Emile Durkheim (1858-1917), one of the founding fathers of sociology, was a structural functionalist. According to Durkheim, earlier, less developed, rural societies were characterized by commonly held religious and social beliefs, and that these common beliefs were what unified and held together such societies (Coser, 1977). Moreover, the economic system was simple and independent, with agriculture being the dominant means making a living. He called these mechanical societies. As life became more complex and urban, societies contained a more diverse population, one that did not necessarily share common social or religious beliefs. How are these societies held together amid all the differences among their inhabitants?
Durkheim suggested interdependence was what held together these modern societies. People were bound together by their need for one another in order to survive. The farmer may not know the grocer, but he needs to sell his produce to him. The grocer may not know his customer, but the grocer needs the customer’s money and the customer needs the food. People do different jobs creating a division of labor all webbed together for a common survival. To Durkheim, such a society was held together by organic solidarity, made up of interconnected and interdependent components. It was this diversity of functions, rather than similarity of beliefs and values, that unified these societies (Durkheim, 1893/1933, 1895/1964, 1897/1966).
There are a few key points involved in structural functionalism. First, is that the society is viewed as a whole. The parts are studied only in terms of how they function and contribute to the well-being of the whole society. Hence, education is studied in terms of how it serves the interests of the entire society.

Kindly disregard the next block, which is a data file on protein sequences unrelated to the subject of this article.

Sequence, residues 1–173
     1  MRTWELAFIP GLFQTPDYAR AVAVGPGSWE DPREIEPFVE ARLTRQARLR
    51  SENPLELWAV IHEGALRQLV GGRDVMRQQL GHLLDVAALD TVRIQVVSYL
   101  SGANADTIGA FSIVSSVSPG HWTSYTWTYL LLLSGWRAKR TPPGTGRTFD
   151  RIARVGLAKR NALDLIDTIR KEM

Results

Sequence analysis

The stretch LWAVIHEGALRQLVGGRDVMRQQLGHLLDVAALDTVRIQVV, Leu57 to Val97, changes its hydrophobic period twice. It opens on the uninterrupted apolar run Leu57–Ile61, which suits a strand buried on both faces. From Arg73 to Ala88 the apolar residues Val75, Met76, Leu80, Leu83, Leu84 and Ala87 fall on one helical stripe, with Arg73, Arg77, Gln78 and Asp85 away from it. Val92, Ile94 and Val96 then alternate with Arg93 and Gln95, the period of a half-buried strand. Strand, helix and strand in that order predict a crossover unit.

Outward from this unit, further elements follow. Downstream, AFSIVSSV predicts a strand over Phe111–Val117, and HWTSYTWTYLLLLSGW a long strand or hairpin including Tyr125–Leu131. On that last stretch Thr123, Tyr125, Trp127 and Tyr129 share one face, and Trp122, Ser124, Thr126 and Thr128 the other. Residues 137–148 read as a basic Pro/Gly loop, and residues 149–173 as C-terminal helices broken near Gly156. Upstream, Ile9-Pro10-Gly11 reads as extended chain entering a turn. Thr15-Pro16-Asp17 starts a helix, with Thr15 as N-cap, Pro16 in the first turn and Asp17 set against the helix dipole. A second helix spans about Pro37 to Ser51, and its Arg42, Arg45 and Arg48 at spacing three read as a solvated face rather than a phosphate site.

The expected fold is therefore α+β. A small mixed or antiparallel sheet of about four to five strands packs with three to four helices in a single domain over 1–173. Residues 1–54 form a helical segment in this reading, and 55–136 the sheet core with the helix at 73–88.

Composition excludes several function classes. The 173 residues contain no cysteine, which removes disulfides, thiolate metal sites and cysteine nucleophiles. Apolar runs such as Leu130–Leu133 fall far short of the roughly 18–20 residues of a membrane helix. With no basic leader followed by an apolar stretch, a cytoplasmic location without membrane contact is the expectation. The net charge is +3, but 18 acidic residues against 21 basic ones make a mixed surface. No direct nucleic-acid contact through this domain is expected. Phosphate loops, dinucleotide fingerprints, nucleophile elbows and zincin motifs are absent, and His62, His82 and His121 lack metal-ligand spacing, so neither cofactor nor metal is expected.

It is also important to realize that for structural functionalists, society rests largely on consensus. There needs to be a general agreement on the norms, values, and beliefs of the larger society. Its members need to internalize and accept the validity of these norms for the system to operate (Sumner, 1906).
When the structures and their functions are in harmony, there is stability and societal health. Nonetheless, just as there are functions, there are also dysfunctions. The latter refers to negative effects on the stability of the larger system. For example, a major recession in the economic structure of a society will have a negative impact on the overall stability and well-being of a society. The effects of the recession will ripple through the other structures, and accommodations and adjustments will need to be made in many, if not all, of the structures to regain stability.
Societies survive because there are always far more functional than dysfunctional effects and they possess the capacity to adjust and readjust to changes without losing stability. However, if there were a massive breakdown in a major structure, such as politics, in which the government collapses, the entire system would be riddled with dysfunction, putting its survival in jeopardy.
Because all the parts or structures are interconnected in structural functionalism, these parts are constantly readjusting to accommodate changes and attempt to remain stable. When major change occurs, all the major parts adjust to maintain the equilibrium of the society. When the Civil Rights Movement addressed segregation in the United States, massive changes occurred throughout the nation. Schools were desegregated, job opportunities were broadened for racial minorities, and voting rights were extended to all citizens. In short, the educational, economic, and political institutions had to change to accommodate this major social movement.